France's Le Pen meets Bannon, changes mind on offer to help

ASSOCIATED PRESS
PARIS
Published

Marine Le Pen, the French far-right leader, has met with former White House strategist Steve Bannon and signaled her interest in his project to help European populist parties — just days after rejecting assistance from the American.

Le Pen's companion, French lawmaker Louis Aliot, said on BFMTV station on Friday that she met with Bannon a day earlier in Paris. Aliot said Bannon wants to provide "technical means" for nationalist parties ahead of next year's European elections. He added that Bannon made clear he "doesn't want to play a [political] role."

Le Pen said on Monday while in Rome that it was only European nations who would "shape the political forces ... to save Europe"— not an American. Le Pen's distancing was significant given Bannon has been making the rounds in Europe of late as part of his push for a trans-national, anti-European Union movement. Le Pen was in Rome to join Salvini at a union conference where they showed a united front before the European Parliament election in May.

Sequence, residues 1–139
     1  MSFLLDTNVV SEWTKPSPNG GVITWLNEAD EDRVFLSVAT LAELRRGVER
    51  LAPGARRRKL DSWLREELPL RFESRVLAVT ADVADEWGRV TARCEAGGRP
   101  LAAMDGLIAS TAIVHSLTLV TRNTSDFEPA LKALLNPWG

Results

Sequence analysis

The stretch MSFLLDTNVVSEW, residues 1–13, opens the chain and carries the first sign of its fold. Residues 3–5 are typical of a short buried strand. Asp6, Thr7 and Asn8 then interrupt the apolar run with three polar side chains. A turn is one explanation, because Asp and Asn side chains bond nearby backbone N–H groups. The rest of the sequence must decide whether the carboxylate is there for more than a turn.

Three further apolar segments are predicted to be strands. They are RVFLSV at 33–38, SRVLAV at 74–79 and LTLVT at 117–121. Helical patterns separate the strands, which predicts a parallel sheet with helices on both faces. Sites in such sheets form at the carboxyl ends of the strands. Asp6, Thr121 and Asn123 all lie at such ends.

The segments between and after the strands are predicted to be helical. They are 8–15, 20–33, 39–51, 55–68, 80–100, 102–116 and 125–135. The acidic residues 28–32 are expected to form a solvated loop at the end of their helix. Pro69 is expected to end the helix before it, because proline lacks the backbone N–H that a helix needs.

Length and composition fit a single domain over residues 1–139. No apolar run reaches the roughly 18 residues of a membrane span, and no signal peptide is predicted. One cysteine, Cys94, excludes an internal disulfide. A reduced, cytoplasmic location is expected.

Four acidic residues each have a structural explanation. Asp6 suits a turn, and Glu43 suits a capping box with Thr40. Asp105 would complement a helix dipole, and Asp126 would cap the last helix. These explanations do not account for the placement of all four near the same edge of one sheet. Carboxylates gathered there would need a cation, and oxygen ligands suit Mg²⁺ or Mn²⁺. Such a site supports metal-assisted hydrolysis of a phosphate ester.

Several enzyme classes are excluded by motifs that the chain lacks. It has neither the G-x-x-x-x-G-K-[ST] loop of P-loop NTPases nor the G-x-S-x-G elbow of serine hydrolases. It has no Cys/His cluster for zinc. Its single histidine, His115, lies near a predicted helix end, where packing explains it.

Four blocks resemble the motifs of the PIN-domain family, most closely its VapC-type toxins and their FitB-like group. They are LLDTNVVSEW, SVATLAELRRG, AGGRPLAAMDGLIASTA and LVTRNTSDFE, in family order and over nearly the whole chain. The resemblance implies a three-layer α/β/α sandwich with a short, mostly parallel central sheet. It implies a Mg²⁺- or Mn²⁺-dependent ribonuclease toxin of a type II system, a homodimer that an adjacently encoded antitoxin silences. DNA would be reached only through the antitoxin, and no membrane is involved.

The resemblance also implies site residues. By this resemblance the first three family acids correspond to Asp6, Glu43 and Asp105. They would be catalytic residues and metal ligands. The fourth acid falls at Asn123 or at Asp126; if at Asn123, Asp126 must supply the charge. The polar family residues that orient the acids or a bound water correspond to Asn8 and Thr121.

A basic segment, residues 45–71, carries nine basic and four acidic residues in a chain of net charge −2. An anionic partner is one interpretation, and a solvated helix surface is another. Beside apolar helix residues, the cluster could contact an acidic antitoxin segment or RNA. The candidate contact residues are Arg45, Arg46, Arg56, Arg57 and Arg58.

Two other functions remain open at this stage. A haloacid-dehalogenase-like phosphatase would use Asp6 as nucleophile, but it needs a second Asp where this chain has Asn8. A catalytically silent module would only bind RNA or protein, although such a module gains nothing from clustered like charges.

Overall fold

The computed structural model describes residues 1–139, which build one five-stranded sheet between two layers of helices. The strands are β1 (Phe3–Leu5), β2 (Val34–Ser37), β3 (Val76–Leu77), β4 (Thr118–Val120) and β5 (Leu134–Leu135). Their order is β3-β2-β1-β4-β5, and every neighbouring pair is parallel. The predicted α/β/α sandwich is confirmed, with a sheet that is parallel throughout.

Last month, Bannon appeared at a rally in Rome organized by a small far-right Italian opposition party, Brothers of Italy, where he heaped praise on Italy's populist, 5-Star-League government, and he was in Rome for the March 4 election that brought them to power.

While he didn't appear with Salvini, who spoke at the rally earlier in the day, the two have met and Salvini has purportedly signed onto The Movement, according to one of its proponents, Belgian politician Mischaël Modrikamen.

In March, Bannon spoke at Le Pen's National Front party congress, which had been aimed at remaking the far-right party's image after it suffered a crushing defeat to the pro-globalization forces that brought Emmanuel Macron to the French presidency. As part of the makeover, Le Pen changed the party name to National Rally.

Some in France had warned that Bannon's support could threaten Le Pen's efforts to cleanse the party of its racist stigma. Bannon had praised the extreme version of the National Front embodied by Le Pen's more hardline niece and rival, calling her one of the most important people in the world.

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